Remaining Focused During Unexpected Schedule Changes
With school, parks, playgrounds and extra curricular activities all closed down, we have all been managing our children’s emotional and mental health right now.
These temporary schedule changes can make it difficult for your child with autism to stay focused on school work, especially since there is no separation between school and home these days. In moments such as this, parents will need to remind their children of the rules that go along with times of transition.
Here are some tips on how you can create some normalcy during these unprecedented times.
Try to stay consistent – Your child with autism depends on a consistent schedule. If you are able to mimic their regular classroom schedule at home you will be able to minimize both their stress and anxiety. We recommend creating a visual schedule, which will help your child transition to this new way life and of learning while schools and other programs are closed.
Fund pictures of activities, assignments, and chores that your child will need to complete or make a checklist and put it up where they can reach it so that they can mark off each item they accomplish. If/then schedules also work well as a positive reinforcement so that you and your child can alternate between one activity they need to do and one activity they want to do.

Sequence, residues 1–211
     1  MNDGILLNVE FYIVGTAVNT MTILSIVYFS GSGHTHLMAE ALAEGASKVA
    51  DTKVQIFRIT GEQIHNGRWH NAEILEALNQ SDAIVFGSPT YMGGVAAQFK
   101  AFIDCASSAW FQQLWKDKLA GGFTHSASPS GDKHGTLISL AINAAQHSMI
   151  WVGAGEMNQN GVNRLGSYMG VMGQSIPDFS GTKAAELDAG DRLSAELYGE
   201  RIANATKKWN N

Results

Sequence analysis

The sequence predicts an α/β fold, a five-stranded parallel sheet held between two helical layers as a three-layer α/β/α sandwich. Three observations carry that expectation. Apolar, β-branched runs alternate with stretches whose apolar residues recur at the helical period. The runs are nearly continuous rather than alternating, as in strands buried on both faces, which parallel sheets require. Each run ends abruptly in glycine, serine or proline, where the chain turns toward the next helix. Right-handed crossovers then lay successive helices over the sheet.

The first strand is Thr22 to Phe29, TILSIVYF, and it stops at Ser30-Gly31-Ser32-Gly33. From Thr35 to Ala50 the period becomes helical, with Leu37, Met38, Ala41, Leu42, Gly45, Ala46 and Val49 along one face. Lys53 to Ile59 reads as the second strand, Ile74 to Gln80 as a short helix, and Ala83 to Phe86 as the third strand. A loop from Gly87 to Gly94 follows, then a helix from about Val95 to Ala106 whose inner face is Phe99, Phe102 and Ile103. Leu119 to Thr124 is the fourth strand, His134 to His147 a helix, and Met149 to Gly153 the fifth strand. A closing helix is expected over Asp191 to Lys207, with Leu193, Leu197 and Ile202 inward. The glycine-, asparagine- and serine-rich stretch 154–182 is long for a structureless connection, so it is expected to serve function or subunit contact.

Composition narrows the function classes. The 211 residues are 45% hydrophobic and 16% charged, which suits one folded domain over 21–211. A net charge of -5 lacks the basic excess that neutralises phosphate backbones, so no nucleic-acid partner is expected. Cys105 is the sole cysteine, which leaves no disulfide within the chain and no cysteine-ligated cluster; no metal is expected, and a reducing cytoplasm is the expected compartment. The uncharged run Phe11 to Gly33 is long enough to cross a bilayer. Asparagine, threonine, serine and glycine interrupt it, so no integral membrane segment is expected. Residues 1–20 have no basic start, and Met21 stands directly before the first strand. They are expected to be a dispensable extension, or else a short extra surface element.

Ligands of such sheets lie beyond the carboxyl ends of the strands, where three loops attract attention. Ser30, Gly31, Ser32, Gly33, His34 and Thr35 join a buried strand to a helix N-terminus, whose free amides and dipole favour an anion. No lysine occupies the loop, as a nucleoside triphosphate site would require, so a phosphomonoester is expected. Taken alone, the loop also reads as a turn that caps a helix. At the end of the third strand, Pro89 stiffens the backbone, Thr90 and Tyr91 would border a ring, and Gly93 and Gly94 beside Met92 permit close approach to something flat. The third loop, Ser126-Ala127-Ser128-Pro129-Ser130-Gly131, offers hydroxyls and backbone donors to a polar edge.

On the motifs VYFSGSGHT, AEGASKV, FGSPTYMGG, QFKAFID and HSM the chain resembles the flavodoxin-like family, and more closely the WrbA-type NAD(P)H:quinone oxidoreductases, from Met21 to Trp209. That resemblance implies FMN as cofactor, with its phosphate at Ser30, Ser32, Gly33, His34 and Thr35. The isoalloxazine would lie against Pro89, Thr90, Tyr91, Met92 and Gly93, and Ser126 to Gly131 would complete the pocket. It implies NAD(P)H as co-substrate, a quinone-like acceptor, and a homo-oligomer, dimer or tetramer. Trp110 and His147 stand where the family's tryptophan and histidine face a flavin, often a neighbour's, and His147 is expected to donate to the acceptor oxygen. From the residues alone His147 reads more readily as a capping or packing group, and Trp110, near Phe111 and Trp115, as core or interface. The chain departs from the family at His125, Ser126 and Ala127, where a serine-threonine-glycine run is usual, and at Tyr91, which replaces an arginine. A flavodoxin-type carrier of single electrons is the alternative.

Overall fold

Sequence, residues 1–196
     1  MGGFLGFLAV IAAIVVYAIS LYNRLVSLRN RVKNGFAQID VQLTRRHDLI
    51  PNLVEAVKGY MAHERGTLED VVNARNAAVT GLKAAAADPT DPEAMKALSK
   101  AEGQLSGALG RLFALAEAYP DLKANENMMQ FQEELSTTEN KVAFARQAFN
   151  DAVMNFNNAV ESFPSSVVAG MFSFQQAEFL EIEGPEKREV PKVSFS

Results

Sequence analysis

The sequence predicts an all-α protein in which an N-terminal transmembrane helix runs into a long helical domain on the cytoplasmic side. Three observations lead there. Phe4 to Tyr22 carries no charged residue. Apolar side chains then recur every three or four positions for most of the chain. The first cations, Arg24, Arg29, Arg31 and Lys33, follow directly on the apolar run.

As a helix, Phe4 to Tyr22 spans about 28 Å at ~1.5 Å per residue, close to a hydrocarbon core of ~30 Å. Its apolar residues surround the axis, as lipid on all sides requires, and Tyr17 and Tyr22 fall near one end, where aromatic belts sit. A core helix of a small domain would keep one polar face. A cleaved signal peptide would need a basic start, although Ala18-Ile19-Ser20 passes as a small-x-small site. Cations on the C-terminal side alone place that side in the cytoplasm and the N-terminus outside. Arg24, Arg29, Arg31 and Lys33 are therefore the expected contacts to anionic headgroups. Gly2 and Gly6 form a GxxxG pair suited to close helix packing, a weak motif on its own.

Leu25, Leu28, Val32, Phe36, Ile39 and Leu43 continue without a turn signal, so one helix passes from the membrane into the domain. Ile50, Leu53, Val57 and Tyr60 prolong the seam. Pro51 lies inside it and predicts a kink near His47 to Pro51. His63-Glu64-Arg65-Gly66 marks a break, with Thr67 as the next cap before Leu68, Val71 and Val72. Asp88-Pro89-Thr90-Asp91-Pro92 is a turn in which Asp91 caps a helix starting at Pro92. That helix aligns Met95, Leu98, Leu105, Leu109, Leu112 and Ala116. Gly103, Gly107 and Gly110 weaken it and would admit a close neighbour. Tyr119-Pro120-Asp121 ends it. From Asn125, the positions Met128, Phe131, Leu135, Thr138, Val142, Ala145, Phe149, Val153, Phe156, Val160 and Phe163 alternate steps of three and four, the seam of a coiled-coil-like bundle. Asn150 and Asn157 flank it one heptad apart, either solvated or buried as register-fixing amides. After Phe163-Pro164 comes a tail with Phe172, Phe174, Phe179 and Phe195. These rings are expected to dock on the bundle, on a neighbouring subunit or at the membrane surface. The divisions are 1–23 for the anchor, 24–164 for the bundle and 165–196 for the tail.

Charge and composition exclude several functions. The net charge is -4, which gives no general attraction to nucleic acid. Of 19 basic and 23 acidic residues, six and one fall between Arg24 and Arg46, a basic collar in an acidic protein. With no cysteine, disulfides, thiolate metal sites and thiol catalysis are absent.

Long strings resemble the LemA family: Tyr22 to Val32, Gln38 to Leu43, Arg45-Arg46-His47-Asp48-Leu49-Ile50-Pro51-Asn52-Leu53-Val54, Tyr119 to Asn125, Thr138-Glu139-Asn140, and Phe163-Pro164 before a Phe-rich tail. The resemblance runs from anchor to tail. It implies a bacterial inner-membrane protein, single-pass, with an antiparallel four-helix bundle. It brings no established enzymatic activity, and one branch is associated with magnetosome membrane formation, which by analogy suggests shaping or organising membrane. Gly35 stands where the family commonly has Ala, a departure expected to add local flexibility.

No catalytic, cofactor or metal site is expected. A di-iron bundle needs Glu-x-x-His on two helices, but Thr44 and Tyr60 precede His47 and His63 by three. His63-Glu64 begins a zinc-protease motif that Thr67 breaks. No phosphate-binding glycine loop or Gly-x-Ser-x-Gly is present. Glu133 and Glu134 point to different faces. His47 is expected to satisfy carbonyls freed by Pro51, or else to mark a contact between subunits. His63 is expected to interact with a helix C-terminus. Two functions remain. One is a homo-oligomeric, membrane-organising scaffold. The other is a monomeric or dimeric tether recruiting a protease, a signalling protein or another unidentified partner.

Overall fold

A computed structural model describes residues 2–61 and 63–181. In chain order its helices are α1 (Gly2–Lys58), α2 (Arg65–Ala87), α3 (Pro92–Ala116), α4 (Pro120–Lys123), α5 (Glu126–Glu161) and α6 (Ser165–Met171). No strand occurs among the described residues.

Here are a couple of examples of visual schedules:
Develop Strategies for Using Energy –Schedule changes and being stuck at home can make a child antsy and itching to get out. Providing opportunities to exhaust physical energy with stress balls, trampolines, or walks will help your child with autism stay focused when its time to learn. Don’t forget to add these physical activities to your child’s visual schedule every hour or as needed.
Some other recommend physical activities include:
- Freeze Dance
- Wall Push-Ups
- Bouncing on a yoga ball
But, if there are other physical activities that your child loves to do, feel free to incorporate those. The more they enjoy an activity the more excited they will be to participate in it.
No new routine comes without there own challenges so it’s important to make sure you are constantly reinforcing your child in a positive way. These changes are not easy for any of us, but can be especially difficult for a child on the spectrum.
Educate through events– Even though no one is going on trips right now, a time will come when life will go back to normal, so now is a good time to work with your child on the spectrum on proper behavior and expectations by using imaginary vacations and events as examples. Plus, it’s always nice to plan a make-believe trip when you are stuck at home for days in end.
By discussing an event or a trip through drawings, visuals, stories, role playing etc, you are able to create scenarios your child and your family with experience when you all step away from your normal routines. This will allow your child to envision some examples of what they may see, smell or hear.
One fun activity to try:
Plan a trip to France
- Print and cut our pictures of French beret and glue them on popsicle sticks and pretend to wear them as hats as you take a walk around your neighborhood.
- Teach your child to make French Toast, or French fries, or if you are feeling adventurous crepes.
- Have a dance party to French music
If France is not a destination of choice for you, find a destination that you and your family would love to explore and find ways to bring the experience to life for your child on the spectrum.